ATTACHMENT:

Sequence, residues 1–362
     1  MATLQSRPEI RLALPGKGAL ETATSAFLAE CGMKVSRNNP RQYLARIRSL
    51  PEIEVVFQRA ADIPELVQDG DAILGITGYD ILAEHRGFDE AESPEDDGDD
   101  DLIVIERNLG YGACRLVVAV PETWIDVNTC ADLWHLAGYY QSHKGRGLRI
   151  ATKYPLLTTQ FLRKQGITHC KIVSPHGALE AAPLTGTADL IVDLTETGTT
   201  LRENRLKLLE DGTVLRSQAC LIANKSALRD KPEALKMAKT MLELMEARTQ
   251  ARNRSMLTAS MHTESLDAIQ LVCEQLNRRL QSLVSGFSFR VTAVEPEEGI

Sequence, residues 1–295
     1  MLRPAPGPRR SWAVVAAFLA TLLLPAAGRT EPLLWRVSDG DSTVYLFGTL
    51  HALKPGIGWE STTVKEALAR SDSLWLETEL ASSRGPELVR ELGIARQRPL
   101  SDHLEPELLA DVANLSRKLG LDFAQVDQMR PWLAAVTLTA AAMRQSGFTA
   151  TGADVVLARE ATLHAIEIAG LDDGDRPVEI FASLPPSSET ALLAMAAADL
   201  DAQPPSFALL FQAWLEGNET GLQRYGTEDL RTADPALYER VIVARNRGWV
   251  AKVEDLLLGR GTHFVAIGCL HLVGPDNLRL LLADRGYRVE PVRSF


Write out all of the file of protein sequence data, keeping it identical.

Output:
Sequence, residues 1–362
     1  MATLQSRPEI RLALPGKGAL ETATSAFLAE CGMKVSRNNP RQYLARIRSL
    51  PEIEVVFQRA ADIPELVQDG DAILGITGYD ILAEHRGFDE AESPEDDGDD
   101  DLIVIERNLG YGACRLVVAV PETWIDVNTC ADLWHLAGYY QSHKGRGLRI
   151  ATKYPLLTTQ FLRKQGITHC KIVSPHGALE AAPLTGTADL IVDLTETGTT
   201  LRENRLKLLE DGTVLRSQAC LIANKSALRD KPEALKMAKT MLELMEARTQ
   251  ARNRSMLTAS MHTESLDAIQ LVCEQLNRRL QSLVSGFSFR VTAVEPEEGI

Sequence, residues 1–295
     1  MLRPAPGPRR SWAVVAAFLA TLLLPAAGRT EPLLWRVSDG DSTVYLFGTL
    51  HALKPGIGWE STTVKEALAR SDSLWLETEL ASSRGPELVR ELGIARQRPL
   101  SDHLEPELLA DVANLSRKLG LDFAQVDQMR PWLAAVTLTA AAMRQSGFTA
   151  TGADVVLARE ATLHAIEIAG LDDGDRPVEI FASLPPSSET ALLAMAAADL
   201  DAQPPSFALL FQAWLEGNET GLQRYGTEDL RTADPALYER VIVARNRGWV
   251  AKVEDLLLGR GTHFVAIGCL HLVGPDNLRL LLADRGYRVE PVRSF